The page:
Money is simply a representation of value. Everything in the universe has a value. Things can have positive value or negative value. For example, sandwiches have a positive value, and diseases have a negative value. We pay to have sandwiches, and we pay to not have diseases. If we wanted to, we could assign a dollar value to everything we know. So, if everything in the world has value, does that mean that the amount of money in the world is equal to the sum of all of the positive value plus the absolute value of the sum of all of the negative value? No. Friendship has a very high value, but it is often given to us for free. Volunteers provide value, but we don’t pay for their services. The environment provides value, but most of the time we don’t pay for it. So, how do we know how much money should exist in the world? This is a great question.
“The importance of money flows from it being a link between the present and the future.” — John Maynard Keynes
The theory put forward by James Jeans is absolutely relevant to the future of money and by extension our development and adoption of cryptocurrency. The nature of cryptocurrency is a lot like the cloud of interstellar dust that Jeans describes. Cryptocurrencies use decentralized control, and the blockchain associated with that decentralized control is ever-growing. However, unlike the current system dominated by central banks and banking corporations, cryptocurrency would never allow runaway contraction, because it is programmable with open architecture. This actually makes cryptocurrency, at least in theory, less vulnerable and more resilient than our current digital currency system that has centralized control.
Neha Narula discussed what the future of money might look like and how we might get there in a TED Talk in 2016. Neha Narula is the Director of the Digital Currency Initiative at the MIT Media Lab. She first describes the current state of digital money saying, “Our access to digital money and our ability to freely transact is being held captive by these gatekeepers. And there are a lot of impediments in the system slowing things down. That’s because digital money isn’t really mine, it’s entries in databases that belong to my bank, my credit card company or my investment firm. And these companies have the right to say no.”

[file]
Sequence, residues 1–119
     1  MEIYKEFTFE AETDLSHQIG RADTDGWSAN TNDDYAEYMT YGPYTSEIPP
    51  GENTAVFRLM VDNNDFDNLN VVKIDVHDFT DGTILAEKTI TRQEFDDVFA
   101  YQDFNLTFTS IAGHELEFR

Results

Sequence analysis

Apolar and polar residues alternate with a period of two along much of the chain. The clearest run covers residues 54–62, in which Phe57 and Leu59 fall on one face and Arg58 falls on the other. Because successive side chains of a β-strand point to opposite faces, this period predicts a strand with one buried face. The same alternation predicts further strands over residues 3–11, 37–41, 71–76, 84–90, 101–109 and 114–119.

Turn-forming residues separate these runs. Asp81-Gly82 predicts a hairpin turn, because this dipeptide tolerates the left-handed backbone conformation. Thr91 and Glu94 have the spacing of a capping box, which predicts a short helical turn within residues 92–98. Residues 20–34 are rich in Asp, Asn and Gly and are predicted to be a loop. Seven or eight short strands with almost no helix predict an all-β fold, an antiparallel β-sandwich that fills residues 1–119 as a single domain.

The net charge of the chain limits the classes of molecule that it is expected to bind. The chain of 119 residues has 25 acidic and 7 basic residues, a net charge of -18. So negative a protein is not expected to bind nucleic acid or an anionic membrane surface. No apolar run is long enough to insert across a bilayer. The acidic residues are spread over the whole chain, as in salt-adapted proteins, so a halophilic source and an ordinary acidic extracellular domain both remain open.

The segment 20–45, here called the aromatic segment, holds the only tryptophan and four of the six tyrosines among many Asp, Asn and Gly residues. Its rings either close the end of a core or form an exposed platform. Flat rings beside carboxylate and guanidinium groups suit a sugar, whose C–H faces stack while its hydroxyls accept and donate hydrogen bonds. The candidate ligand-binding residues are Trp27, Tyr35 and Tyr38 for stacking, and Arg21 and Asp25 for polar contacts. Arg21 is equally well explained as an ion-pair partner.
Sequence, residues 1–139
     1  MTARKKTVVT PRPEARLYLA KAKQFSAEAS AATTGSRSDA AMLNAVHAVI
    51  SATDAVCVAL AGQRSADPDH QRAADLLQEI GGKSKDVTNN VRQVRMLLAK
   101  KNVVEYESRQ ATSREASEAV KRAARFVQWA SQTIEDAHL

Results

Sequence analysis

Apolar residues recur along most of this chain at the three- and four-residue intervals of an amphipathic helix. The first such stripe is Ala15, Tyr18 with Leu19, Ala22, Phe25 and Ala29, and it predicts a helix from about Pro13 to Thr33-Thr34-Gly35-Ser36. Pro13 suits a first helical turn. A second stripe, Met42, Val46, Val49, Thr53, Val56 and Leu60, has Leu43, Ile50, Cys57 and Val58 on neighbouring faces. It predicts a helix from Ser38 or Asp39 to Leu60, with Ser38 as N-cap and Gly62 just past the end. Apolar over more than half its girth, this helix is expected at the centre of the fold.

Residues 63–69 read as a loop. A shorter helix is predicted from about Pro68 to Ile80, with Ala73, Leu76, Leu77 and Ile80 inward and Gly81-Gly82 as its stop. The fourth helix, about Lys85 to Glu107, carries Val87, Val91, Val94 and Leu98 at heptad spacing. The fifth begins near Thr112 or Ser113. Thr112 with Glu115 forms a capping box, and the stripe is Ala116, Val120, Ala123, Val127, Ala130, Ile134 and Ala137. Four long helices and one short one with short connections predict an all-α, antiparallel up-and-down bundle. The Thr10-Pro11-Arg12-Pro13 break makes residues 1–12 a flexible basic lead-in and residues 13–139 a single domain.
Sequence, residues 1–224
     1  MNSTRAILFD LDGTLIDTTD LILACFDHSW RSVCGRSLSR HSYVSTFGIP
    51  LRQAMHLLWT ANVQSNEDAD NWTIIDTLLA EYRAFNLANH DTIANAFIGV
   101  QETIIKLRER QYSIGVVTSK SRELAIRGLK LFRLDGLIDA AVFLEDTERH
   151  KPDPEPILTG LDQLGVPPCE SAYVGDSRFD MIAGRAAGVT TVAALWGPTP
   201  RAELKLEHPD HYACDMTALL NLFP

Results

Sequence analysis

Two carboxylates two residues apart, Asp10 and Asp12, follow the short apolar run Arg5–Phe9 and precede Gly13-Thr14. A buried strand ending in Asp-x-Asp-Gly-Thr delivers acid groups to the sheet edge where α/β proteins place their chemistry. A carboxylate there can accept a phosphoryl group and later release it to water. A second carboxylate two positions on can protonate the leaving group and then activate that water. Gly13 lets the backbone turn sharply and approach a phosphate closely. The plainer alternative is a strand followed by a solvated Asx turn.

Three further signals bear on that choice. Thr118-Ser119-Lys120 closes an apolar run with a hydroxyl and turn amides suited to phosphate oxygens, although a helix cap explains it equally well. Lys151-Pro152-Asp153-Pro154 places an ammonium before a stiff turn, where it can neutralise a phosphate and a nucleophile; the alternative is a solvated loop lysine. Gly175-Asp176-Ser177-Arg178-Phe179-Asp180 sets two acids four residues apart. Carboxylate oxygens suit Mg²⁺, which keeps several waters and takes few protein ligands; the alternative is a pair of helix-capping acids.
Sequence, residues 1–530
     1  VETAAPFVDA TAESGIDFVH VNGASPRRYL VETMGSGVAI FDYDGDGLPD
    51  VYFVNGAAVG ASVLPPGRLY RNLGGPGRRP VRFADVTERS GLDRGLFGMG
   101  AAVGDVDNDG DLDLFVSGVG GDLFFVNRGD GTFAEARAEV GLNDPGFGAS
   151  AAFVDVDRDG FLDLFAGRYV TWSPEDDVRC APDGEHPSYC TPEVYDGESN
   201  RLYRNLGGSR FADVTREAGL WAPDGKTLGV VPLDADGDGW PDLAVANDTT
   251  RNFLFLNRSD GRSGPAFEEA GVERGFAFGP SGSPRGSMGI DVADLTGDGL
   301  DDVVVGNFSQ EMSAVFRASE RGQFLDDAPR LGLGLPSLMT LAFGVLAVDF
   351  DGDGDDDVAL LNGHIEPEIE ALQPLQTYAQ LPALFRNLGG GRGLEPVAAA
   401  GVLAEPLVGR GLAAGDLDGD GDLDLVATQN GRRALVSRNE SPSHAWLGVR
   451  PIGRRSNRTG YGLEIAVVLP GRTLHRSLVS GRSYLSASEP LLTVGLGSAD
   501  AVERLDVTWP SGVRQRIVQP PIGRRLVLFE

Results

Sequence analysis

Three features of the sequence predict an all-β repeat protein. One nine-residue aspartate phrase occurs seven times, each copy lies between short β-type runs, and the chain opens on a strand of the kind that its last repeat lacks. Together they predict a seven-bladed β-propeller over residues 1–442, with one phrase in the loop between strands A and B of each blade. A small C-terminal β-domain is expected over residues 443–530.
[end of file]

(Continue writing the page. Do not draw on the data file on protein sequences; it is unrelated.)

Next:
“We’re about to enter a new phase of money. The future of money is programmable. When we combine software and currency, money becomes more than just a static unit of value, and we don’t have to rely on institutions for security. In a programmable world, we remove humans and institutions from the loop. And when this happens, we won’t even feel like we’re transacting anymore. Money will be directed by software, and it will just safely and securely flow.” — Neha Narula
Neha Narula goes on to explain how today’s cryptocurrencies are just the first iteration of a process that will lead to a programmable and democratized monetary system. Imagine a world where a Great Depression is simply not possible because we have programmed safety nets into our monetary system that are triggered automatically. We wouldn’t have to wait for policymakers to decide where to inject a stimulus or decide which companies to save. It is conceivable that the future of money could create unprecedented stability in our economy. Likewise, imagine a world where hyperinflation is not possible because the program simply doesn’t allow it. If we can program our monetary system using open architecture, we can make it so those bad actors, natural disasters, terrorists, and the likes cannot negatively impact our monetary system and by extension our economy.
Today, the centralized nature of our money is vulnerability. Banks are targets for cyberattacks, and there isn’t sufficient oversight to make sure banks act in the best interest of their customers and the larger economy. Neha Narula concludes her Talk saying, “Cryptocurrencies are the first step to a world with global programmable money. And in a world with programmable money, I can pay anyone else securely without having to sign up or ask permission, or do a conversion or worry about my money getting stuck. And I can send money around the world. This is a really amazing thing. It’s the idea of permissionless innovation. The Internet caused an explosion of innovation because it was built upon an open architecture. And just like the Internet changed the way we communicate, programmable money is going to change the way we pay, allocate and decide on value.” Cryptocurrency could solve more than just money problems. Cryptocurrency could also enable us to do things like rent out our data to large companies securely. As a society, programmable money could enable policy proposals like a Universal Basic Income. Cryptocurrency would enable a frictionless economy where the gatekeepers are no longer relevant. Our future monetary system will be democratized by the adoption of programmable currency with open architecture.